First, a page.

Depending how tall or short you are, and how flat you sleep, the slumber space in an overlander must accommodate. The right SUV setup allows you to have a lighter weight, yet off-road-capable vehicle. But the sleeping area usually takes up a considerable amount of gear storage space.
The Ford Excursion offers up massive interior volume for all sorts of overland build-out options, Plus, they utilize a tried and true platform and drivetrain, especially the 7.3L Powerstroke diesel.
No need to spend a ton of money on a rig. This little 4Runner build came cheap. Plywood framed the build-out and the owners drove it the length of the Americas. To be sure, it was a cozy setup.
Trailers allow you to have a daily driver vehicle, and a fully sorted and stocked base camp parked in your driveway.
The drawback is that you have to deal with a trailer, both in cities and remote mountain tracks, and your camp footprint won’t be very small.
The ever-popular roof-top tent (RTT) sat atop just about every type of vehicle you can imagine at the show. While way more expensive than most ground tents, they are much less expensive than a dedicated overland rig.
Nissan hits the overland market hard with the “Project Basecamp” build.
A simple go fast/super fun option is to throw an RTT on a Ford Raptor and hit the gas, little to no modifications required.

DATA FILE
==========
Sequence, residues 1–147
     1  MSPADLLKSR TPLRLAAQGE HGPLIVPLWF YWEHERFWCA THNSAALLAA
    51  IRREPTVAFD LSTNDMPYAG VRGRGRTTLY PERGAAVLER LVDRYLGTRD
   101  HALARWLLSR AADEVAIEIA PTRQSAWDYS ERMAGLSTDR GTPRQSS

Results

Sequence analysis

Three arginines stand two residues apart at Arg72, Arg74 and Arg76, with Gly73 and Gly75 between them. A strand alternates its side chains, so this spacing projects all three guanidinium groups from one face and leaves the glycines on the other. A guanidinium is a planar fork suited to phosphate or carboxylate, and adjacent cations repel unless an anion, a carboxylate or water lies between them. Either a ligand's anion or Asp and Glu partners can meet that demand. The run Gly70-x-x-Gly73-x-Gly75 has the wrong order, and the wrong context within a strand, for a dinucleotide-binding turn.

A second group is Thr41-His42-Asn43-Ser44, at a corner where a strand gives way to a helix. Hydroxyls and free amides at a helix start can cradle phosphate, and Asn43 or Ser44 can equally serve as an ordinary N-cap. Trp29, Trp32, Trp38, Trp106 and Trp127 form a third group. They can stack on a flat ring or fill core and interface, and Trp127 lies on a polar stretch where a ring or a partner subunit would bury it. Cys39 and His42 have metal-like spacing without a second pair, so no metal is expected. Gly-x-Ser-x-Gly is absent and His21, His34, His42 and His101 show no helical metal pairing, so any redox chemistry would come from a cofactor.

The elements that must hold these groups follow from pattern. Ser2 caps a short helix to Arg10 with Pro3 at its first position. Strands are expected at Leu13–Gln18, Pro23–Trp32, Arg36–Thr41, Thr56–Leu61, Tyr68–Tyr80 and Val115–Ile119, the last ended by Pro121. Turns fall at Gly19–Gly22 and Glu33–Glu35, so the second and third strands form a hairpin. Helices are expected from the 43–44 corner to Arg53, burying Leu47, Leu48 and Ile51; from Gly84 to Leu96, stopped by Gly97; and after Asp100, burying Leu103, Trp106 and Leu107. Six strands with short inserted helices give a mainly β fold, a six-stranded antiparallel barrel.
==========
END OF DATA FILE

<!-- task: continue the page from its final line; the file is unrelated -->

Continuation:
Importing cool off-road vehicles like the Nissan Patrol is a great option, as long as they are more than 25 years old.
The Land Cruiser Troopy is an awesome platform that will take you anywhere on the globe. But I have to admit, I’d sleep inside and use the roof for kayaks and other adventure gear, vs. putting an RTT up there.
You can strap an RTT on nearly ANY vehicle.
A perfectly viable option is to throw that trusty ground tent into the vehicle you have and hit the road. In fact, you don’t even need four wheels to have an amazing overland ground-camping adventure.
The drawback, depending on the adventure you’re on, is that you generally need a flat piece of land to set up camp. And doing that is generally frowned upon in most urban areas. Oftentimes you will have to purchase a campsite.
While the Toyota LC200 is expensive both new and used, it’s truly an impressive on- and off-road vehicle.
There is little that will stand in the way of a Land Rover Defender 90.
A small lift, good tires and some skid plates, and a Subaru makes for an extremely fun adventure-mobile.
No matter which overland vehicle suits your travel style, budget, and current adventure plans, don’t let funds or responsibilities deter you from getting out there to explore. Find your own overland path and live a life of adventure.